Multi-dimensional consequentialism and degrees of rightness
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In his recent book, The Dimensions of Consequentialism, Martin Peterson puts forward a new version of consequentialism that he dubs ‘multidimensional consequentialism’. The defining thesis of the new theory is that there are irreducible moral aspects that jointly determine the deontic status of an act. In defending his particular version of multidimensional consequentialism, Peterson advocates the thesis—he calls it DEGREE—that if two or more moral aspects clash, the act under consideration is right to some non-extreme degree. This goes against the orthodoxy according to which—Peterson calls this RESOLUTION—each act is always either entirely right or entirely wrong. The argument against RESOLUTION appeals to the existence of so-called deontic leaps: the idea is that endorsing RESOLUTION would not give each relevant moral aspect its due in the final analysis. Our paper argues that, contrary to Peterson, (1) all moral aspects remain visible in what can properly be called the final analysis of a moral theory that involves RESOLUTION, (2) moral aspects do not have to remain visible in judgements of all-things-considered rightness or wrongness, respectively, (3) introduction of what Peterson calls verdictive reasons does not change the overall picture in favour of DEGREE. We conclude that multi-dimensional consequentialists should accept RESOLUTION rather than DEGREE.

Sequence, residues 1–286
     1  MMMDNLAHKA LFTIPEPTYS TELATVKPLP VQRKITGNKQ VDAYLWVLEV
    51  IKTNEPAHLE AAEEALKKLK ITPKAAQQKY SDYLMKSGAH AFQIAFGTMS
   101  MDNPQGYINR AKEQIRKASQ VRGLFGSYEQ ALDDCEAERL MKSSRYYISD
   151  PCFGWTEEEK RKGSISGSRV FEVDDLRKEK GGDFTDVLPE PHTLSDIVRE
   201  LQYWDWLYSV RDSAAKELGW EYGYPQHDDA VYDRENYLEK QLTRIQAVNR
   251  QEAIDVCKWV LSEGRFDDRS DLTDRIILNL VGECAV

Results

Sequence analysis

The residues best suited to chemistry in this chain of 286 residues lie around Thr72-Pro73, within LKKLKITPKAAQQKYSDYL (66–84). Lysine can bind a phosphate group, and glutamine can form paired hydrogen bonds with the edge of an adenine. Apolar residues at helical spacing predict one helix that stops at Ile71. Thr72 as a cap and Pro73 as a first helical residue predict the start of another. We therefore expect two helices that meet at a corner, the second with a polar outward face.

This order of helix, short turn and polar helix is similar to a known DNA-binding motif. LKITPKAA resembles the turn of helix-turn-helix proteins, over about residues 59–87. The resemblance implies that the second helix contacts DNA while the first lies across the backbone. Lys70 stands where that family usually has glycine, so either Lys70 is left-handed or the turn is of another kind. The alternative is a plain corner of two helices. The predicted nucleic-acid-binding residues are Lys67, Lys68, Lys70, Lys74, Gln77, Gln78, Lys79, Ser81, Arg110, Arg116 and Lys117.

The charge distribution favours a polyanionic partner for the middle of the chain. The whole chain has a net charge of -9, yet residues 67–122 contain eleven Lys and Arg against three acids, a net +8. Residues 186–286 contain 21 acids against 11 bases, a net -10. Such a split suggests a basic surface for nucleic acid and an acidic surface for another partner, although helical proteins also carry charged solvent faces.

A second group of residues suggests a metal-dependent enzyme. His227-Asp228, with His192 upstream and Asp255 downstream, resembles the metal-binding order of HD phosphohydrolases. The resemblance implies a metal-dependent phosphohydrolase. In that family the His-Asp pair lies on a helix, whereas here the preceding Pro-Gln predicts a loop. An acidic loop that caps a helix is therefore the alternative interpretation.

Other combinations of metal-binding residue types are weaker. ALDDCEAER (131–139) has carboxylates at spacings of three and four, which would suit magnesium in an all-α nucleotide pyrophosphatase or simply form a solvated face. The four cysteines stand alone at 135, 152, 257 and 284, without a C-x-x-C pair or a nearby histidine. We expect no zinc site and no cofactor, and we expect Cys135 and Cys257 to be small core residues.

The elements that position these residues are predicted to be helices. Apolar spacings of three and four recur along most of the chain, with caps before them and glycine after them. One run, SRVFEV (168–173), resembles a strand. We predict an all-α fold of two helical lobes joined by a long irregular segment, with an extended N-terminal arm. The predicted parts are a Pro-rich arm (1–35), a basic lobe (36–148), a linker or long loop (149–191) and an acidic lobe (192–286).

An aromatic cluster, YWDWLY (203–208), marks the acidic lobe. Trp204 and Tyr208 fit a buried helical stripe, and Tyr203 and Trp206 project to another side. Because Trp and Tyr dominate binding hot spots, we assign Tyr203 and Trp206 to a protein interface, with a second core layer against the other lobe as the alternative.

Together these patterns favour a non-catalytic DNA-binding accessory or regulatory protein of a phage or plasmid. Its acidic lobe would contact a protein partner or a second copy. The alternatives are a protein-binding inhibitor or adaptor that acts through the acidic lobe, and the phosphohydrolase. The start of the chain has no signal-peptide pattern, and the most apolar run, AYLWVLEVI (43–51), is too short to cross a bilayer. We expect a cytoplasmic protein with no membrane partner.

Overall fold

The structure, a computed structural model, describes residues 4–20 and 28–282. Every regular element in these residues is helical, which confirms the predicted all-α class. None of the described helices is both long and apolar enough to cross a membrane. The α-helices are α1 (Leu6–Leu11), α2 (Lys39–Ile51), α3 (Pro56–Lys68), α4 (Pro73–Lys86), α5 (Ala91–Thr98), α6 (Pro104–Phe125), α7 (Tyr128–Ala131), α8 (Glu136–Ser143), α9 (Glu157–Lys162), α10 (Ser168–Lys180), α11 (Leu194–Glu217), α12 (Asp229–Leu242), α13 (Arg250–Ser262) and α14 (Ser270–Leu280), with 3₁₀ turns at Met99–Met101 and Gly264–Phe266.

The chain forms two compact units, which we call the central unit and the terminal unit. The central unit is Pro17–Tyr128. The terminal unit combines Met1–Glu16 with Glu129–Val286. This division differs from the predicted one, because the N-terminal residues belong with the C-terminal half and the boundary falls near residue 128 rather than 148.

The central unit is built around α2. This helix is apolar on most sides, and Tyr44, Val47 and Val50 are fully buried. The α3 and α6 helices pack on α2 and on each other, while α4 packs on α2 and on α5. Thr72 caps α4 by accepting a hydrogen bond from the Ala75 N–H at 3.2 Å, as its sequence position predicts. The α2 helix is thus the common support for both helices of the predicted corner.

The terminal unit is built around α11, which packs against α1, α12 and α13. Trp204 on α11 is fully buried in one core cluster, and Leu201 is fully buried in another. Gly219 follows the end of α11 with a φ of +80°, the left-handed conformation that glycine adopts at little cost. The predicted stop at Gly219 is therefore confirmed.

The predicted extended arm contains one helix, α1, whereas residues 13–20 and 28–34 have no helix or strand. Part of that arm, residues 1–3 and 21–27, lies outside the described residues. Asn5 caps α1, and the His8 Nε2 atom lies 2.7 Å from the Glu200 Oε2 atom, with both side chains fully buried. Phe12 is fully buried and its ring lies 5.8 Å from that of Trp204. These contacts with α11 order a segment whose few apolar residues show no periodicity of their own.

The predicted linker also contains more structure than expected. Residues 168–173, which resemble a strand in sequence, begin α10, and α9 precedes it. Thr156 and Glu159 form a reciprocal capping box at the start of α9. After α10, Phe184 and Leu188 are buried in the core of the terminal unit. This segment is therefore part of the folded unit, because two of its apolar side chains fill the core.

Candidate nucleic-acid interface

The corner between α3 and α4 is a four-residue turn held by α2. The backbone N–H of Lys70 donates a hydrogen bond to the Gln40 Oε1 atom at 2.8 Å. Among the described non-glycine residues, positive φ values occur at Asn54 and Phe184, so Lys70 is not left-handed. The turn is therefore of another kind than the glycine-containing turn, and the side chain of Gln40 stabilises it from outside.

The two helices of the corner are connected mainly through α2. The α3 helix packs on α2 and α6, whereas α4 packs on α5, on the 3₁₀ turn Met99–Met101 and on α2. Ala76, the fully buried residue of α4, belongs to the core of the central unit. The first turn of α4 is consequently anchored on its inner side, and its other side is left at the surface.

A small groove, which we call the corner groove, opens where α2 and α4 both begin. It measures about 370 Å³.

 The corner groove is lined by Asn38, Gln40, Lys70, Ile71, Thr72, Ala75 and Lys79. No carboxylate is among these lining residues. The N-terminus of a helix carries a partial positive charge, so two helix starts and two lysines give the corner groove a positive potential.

KeywordsMoral dimensions Moral reasons Moral rightness Consequentialism Martin Peterson
We would like to thank the participants of the workshop “The Dimensions of Consequentialism”, which took place at Konstanz University in November 2013. Special thanks go to Martin Peterson, who provided detailed comments on the entire paper. We are also very grateful for the comments received from Sebastian Köhler, David Sobel, an anonymous reviewer for the journal as well as audiences in Liverpool and Bern (special thanks to Julian Fink for organizing the workshop in Bern). This research was supported by a grant from the German Research Foundation (Grant Number TA 820/1-1).
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